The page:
Set up Information Portal to boost Trade
The Minister of Trade and Industry Dr. Ekwow Spio-Garbrah, has advocated for the setting up of an African Trade Information Sharing Platform to boost the trade and Investment ties between African Countries.
“The African Trade and Information Sharing Platform Portal will be dedicated to providing high-quality information services with a view to promote African Countries cooperation in global trade,” Dr. Spio-Gabrah said.
“The exchange of information will not be used as competition against African countries but rather would be used to complement each other market access opportunities and other trade issues,” he explained.
The Trade and Industry Minister made this call at a meeting of African Union Ministers’ of Trade held in Nairobi, Kenya last week.
The meeting took stock of progress made so far in the Doha Development Agenda (DDA) negotiations and formulated common position on major issues on the WTO for the forthcoming 10th Ministerial Conference scheduled to take place in December, 2015.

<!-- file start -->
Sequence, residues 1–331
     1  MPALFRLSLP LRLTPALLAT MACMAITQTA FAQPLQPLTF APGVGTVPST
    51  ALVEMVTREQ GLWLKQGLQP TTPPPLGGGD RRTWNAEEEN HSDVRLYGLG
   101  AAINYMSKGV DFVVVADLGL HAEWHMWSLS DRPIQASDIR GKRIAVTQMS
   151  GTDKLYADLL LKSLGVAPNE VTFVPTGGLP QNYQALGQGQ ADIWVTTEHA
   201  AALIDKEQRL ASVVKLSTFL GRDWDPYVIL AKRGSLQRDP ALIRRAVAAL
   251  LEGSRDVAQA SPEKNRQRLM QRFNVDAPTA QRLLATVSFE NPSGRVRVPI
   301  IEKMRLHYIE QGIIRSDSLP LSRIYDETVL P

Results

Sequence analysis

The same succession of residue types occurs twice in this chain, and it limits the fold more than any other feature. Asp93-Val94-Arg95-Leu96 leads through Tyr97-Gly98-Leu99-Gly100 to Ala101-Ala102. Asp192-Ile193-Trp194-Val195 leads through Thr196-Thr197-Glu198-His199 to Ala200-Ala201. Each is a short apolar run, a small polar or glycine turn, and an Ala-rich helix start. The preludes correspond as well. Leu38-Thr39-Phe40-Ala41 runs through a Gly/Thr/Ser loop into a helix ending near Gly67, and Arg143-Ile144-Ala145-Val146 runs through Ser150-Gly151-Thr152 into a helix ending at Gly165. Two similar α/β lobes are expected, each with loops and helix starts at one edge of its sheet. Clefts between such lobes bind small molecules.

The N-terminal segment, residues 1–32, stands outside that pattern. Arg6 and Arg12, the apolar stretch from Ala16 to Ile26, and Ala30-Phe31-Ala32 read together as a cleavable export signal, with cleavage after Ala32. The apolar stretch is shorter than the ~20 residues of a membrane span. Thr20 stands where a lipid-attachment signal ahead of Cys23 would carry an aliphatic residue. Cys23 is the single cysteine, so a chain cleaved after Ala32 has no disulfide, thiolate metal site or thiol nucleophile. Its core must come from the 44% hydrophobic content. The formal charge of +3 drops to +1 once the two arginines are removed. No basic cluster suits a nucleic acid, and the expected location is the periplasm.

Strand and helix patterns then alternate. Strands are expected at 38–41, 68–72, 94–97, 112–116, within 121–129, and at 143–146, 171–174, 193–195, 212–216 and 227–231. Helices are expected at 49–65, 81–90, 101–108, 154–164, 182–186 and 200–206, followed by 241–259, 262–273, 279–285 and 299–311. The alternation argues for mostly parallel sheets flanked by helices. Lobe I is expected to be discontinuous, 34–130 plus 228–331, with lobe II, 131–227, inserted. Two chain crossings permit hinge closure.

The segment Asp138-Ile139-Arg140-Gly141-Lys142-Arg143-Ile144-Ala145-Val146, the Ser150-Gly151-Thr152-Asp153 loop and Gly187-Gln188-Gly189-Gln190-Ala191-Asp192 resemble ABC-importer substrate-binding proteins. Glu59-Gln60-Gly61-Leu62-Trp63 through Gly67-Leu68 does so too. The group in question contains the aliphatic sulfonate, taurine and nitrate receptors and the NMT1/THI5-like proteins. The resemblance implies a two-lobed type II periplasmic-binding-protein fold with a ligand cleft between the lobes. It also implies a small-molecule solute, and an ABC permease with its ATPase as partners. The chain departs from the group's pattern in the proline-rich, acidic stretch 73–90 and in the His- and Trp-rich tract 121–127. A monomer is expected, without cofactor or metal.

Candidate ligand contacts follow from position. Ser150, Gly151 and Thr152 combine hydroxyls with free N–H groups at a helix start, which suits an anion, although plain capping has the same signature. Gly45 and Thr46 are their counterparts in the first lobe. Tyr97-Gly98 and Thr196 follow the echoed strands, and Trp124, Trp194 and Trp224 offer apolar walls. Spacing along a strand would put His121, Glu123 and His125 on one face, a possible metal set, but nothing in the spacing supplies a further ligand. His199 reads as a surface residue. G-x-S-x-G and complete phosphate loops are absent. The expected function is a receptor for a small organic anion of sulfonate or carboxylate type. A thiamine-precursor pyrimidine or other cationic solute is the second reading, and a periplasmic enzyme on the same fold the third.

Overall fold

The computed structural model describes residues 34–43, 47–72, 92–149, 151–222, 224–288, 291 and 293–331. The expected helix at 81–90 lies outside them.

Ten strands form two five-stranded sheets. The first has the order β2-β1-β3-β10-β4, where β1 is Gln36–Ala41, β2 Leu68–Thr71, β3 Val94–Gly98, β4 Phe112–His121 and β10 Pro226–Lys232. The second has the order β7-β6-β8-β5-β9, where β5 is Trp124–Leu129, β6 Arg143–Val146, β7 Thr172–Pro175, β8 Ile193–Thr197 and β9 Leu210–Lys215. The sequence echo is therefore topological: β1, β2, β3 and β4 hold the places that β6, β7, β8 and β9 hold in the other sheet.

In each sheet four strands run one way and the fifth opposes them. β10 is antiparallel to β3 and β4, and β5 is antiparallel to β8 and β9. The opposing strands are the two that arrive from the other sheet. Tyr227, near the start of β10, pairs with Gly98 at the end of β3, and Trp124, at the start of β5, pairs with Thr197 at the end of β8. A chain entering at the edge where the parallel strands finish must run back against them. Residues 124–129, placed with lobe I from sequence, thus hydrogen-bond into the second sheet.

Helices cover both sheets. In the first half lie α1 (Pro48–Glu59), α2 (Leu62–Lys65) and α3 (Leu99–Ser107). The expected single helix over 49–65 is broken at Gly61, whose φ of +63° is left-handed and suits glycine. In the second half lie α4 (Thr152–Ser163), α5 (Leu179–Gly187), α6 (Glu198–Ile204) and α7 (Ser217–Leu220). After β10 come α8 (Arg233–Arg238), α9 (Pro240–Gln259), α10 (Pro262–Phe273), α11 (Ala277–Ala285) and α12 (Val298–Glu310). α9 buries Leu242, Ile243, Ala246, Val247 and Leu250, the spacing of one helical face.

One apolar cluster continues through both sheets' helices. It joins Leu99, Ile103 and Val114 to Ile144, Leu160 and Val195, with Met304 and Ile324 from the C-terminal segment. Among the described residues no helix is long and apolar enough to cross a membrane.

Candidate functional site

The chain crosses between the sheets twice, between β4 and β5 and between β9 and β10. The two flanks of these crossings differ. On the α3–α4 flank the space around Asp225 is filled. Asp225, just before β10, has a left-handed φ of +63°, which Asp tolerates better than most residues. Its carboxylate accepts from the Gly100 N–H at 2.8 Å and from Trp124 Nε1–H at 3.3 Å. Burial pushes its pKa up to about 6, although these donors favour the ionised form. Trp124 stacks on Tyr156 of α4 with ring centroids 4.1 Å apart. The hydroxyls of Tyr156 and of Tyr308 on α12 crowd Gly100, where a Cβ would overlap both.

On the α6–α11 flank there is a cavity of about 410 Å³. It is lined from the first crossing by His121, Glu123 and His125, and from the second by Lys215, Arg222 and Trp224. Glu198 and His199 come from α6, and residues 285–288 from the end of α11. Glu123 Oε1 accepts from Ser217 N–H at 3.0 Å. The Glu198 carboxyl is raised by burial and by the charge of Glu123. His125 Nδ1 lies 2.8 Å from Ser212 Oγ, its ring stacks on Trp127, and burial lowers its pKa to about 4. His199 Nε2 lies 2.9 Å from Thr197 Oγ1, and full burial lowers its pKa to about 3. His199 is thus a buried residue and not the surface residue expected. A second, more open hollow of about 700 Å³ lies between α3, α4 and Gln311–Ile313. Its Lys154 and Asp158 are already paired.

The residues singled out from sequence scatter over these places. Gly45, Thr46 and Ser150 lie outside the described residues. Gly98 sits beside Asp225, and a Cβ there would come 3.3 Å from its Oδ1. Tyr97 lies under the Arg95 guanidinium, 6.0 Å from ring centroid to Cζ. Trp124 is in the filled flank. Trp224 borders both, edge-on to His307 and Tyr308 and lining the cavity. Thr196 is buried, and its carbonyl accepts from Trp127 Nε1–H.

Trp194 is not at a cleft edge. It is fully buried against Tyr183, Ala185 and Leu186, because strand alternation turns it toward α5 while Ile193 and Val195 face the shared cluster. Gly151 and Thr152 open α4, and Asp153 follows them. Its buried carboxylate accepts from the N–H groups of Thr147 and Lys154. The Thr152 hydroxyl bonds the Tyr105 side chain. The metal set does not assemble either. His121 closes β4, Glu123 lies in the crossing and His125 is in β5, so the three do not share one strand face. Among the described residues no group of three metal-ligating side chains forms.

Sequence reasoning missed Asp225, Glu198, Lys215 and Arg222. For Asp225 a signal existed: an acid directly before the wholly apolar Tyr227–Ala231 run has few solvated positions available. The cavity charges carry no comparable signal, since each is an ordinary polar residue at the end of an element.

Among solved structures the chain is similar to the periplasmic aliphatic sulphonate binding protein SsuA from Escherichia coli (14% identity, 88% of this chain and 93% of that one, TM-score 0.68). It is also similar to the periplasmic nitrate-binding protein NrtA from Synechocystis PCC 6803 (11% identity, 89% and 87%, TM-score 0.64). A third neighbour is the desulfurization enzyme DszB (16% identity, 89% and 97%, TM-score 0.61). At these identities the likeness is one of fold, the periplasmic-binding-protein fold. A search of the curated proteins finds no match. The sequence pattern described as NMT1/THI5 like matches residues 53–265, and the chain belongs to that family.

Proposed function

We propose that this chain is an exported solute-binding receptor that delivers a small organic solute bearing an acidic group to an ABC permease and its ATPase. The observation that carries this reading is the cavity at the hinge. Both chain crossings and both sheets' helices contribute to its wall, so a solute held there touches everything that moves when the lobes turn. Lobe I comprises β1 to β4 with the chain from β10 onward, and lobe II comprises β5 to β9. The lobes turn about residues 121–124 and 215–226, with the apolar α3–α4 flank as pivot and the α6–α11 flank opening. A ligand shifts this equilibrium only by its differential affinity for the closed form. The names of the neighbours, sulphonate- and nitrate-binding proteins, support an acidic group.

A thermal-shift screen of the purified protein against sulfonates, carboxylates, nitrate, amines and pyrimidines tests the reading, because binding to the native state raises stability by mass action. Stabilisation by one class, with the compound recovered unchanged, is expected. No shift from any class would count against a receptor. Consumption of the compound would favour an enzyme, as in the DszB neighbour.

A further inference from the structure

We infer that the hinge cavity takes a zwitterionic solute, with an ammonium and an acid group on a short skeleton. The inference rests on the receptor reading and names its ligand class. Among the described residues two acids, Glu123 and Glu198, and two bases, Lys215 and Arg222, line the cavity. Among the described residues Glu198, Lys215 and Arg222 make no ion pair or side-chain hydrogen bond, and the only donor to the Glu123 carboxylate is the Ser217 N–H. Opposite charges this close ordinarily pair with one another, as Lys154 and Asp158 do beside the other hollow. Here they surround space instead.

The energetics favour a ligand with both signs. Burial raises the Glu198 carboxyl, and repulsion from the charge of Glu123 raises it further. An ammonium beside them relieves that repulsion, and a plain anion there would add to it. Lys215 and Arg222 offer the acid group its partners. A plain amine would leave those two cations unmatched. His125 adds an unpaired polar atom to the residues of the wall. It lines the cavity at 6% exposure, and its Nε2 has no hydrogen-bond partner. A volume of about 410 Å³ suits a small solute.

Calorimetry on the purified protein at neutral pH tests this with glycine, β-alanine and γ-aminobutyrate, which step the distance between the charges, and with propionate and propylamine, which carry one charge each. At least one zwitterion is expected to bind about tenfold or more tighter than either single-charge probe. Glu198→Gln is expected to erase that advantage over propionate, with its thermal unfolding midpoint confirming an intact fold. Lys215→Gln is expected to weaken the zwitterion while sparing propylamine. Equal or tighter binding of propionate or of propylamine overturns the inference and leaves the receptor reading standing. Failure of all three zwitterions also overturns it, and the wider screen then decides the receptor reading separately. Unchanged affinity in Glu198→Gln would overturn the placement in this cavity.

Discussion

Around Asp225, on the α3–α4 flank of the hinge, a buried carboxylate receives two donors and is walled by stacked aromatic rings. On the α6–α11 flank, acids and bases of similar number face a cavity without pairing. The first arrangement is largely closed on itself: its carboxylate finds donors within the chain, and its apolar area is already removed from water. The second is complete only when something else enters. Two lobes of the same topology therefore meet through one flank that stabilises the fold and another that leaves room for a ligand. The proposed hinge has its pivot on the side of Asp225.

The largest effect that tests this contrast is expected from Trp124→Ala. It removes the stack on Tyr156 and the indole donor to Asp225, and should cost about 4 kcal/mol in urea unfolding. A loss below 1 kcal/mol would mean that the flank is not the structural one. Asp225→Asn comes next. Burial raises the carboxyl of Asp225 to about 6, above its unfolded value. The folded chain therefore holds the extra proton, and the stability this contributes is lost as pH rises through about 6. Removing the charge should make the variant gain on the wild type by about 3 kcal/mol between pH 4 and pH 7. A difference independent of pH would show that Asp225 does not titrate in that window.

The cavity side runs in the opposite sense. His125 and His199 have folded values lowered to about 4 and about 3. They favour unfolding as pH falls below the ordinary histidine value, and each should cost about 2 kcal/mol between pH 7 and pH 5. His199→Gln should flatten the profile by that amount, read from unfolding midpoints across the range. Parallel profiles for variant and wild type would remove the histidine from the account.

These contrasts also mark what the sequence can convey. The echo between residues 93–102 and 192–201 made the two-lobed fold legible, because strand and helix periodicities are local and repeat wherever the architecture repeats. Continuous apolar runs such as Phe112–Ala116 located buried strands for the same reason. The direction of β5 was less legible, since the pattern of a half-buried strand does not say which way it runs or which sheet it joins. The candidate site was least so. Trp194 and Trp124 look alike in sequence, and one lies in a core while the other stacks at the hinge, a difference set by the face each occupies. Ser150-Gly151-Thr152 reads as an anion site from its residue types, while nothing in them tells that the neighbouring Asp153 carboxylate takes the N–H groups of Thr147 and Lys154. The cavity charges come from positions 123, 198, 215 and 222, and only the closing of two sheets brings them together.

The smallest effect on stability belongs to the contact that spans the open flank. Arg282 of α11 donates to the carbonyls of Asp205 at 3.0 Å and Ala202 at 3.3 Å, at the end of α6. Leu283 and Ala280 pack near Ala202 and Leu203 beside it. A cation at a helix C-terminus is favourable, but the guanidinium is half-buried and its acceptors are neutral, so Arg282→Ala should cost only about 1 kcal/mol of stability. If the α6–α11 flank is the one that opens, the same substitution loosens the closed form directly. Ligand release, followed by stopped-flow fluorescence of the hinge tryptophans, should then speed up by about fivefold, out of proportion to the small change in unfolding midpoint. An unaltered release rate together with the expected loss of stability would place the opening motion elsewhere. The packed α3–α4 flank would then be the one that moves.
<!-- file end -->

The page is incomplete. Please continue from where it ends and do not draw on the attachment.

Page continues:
Dr. Spio-Garbrah bemoaned the reluctance of a number of World Trade Organisation (WTO) members to engage in discussion on reforms to simplify and improve the complex WTO anti-dumping rules.
This according to him, “is hindering progress on the core Doha Round issues on agriculture, non-agricultural market access (NAMA) and services”.
The Minister requested members to urgently reactivate and conclude the rule negotiations by making them simple to enable African and other developing countries use them to protect their markets from flooding of cheap and inferior goods.
At the end of the meeting, the AU Trade Ministers reiterated the need for the Doha Round to address the developmental objectives of African countries which is based on the three core pillars of Agriculture, non-agricultural market access (NAMA) and Services.
The Ministers reaffirmed the importance of food security to African Countries and underscored that agriculture remains central to Africa’s development agenda at the WTO.
The Trade Ministers therefore called for the rectification of systemic imbalances in the Agreement on Agriculture, through which distortions in the global markets continue to undermine Africa’s potential economic gains.